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Archive for Saturday, July 28, 2007

Inmate allowed to testify in ‘74 case

July 28, 2007

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— A convicted burglar who shared a cell with John Henry Horton will be allowed to testify in Horton's preliminary hearing next month on charges Horton killed a Prairie Village girl in 1974.

Johnson County District Judge James Franklin Davis ruled Thursday that jurors should decide whether they believe Danny Lee Barnhouse if the case goes to trial a second time.

Horton's defense attorney had argued that Barnhouse's testimony should be suppressed because he has a history of lying and of mental problems.

A jury convicted Horton in 2004 of killing 13-year-old Lizabeth Wilson, who disappeared July 7, 1974, while walking home from the Prairie Village swimming pool. The Kansas Supreme Court overturned the conviction in February, leading Johnson County District Attorney Phill Kline to file a new murder charge in March.

Horton's preliminary hearing is scheduled for Aug. 6.

Authorities, who had suspected the former school janitor was involved in Lizabeth's death, didn't charge Horton until 2003 after a witness came forward and testified that Horton, who is now 60, had sexually assaulted her earlier in the summer of 1974 after drugging her with chloroform.

Prosecutors used that testimony in Horton's first trial to back up their case to jurors that Horton had similarly drugged Wilson in order to molest her and accidentally killed her in the process.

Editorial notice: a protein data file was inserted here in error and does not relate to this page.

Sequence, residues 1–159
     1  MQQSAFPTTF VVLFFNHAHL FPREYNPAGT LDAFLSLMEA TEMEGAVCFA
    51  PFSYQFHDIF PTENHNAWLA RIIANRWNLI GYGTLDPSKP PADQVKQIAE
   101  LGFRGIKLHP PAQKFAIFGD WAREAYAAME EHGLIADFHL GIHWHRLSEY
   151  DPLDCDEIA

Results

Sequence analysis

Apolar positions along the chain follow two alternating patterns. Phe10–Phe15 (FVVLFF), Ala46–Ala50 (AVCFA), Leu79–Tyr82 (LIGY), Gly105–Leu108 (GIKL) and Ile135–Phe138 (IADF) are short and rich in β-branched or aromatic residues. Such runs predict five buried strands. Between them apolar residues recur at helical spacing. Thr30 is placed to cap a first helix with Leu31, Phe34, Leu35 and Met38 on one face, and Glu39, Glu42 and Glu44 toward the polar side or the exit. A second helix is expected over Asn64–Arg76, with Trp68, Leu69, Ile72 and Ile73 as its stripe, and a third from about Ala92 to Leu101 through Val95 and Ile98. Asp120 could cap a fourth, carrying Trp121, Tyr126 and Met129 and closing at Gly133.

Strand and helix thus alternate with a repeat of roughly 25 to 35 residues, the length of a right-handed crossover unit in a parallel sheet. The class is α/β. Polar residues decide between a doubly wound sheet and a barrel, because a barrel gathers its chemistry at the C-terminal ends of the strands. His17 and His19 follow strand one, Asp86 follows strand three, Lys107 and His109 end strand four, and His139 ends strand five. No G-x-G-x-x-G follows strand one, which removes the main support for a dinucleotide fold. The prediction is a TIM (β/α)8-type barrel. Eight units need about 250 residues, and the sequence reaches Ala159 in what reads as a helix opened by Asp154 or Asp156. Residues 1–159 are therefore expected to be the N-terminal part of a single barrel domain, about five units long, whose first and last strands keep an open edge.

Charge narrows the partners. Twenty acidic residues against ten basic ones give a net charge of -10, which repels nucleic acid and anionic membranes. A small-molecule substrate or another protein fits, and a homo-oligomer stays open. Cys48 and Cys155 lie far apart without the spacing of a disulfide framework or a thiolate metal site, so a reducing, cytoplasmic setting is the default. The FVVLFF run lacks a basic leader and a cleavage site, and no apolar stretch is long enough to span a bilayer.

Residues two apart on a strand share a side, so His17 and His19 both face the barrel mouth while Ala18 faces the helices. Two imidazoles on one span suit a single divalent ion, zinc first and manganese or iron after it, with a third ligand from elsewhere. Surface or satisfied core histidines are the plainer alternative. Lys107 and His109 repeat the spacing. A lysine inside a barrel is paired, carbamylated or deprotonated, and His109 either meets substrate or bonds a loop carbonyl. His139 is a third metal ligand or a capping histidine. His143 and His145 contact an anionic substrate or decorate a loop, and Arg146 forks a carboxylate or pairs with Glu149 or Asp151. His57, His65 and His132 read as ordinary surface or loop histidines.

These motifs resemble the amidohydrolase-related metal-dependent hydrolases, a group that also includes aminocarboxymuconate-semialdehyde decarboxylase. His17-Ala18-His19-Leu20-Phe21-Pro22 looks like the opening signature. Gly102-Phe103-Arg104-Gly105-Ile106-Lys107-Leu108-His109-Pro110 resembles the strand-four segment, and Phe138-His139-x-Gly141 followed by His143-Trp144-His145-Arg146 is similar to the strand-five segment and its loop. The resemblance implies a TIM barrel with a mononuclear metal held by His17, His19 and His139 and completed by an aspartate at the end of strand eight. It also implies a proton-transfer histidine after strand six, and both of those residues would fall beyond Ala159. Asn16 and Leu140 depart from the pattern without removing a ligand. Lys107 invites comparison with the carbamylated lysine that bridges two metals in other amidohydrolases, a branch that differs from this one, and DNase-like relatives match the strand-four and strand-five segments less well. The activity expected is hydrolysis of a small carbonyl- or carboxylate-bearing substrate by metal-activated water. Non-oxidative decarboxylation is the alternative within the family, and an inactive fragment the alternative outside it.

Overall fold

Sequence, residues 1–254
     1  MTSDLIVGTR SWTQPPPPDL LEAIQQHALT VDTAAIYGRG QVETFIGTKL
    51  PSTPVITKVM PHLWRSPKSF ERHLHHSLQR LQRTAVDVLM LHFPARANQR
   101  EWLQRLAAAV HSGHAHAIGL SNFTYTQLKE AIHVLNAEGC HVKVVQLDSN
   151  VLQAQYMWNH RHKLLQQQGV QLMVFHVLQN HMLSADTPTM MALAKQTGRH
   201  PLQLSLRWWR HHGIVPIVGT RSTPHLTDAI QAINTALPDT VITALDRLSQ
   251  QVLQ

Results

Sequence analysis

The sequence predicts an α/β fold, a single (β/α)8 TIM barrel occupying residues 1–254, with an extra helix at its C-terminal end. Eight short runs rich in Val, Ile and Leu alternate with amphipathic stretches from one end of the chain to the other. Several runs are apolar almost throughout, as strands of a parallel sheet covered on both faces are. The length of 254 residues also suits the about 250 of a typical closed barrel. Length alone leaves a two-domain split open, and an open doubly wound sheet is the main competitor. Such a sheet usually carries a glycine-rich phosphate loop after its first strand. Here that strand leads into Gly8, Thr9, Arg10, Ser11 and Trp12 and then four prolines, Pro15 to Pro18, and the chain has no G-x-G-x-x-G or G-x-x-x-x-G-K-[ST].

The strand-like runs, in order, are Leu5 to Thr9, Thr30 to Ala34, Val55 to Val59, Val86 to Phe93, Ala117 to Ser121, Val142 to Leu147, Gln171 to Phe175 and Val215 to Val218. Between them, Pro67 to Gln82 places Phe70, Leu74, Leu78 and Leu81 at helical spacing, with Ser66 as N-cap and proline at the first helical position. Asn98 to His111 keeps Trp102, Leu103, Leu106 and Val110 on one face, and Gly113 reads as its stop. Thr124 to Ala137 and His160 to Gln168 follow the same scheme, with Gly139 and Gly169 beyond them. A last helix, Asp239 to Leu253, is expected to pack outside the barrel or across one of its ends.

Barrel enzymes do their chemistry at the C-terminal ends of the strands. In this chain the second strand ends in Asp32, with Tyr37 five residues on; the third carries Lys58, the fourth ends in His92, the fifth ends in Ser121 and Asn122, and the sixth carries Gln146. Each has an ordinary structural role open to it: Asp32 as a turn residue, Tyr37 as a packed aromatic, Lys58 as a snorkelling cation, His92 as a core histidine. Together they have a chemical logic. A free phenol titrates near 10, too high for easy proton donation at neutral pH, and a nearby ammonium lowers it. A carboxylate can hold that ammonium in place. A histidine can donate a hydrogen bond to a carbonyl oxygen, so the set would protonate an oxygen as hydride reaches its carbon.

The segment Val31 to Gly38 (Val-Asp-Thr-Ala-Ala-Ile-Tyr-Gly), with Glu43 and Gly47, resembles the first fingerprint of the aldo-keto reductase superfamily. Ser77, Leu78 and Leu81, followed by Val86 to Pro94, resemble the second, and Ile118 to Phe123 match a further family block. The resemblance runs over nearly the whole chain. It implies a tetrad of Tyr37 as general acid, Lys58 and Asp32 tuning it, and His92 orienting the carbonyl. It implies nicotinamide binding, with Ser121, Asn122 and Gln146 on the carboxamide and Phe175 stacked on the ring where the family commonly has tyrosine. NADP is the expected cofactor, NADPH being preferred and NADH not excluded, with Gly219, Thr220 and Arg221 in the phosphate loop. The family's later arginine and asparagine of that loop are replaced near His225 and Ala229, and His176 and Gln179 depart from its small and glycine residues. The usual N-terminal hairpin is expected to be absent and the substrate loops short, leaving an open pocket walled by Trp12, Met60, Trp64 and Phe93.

The Supreme Court, however, ruled that the witness' testimony shouldn't have been allowed because her experience was significantly different from what happened to Wilson. Without that evidence, the court said, prosecutors wouldn't have been able to charge Horton.

On Thursday, Kline told the judge that Barnhouse would testify that Horton told him how he liked to watch the young girls around Shawnee Mission East, where he worked as a janitor. Barnhouse also says Horton told him about drugging Wilson and how she fought him after regaining consciousness.

Kline said the conversation occurred while the two men were in the same cell block at Norton State Correctional Facility. Barnhouse is in prison for aggravated assault, aggravated burglary and residential burglary.

Public Defender Michael McCulloch argued that prosecutors are using Barnhouse's testimony to lay a foundation for eventually reintroducing the now-barred testimony from Horton's other alleged victim.

Comments

Scott Kaiser 6 years, 8 months ago

And so, what are Barnhouse's motives or incentives?

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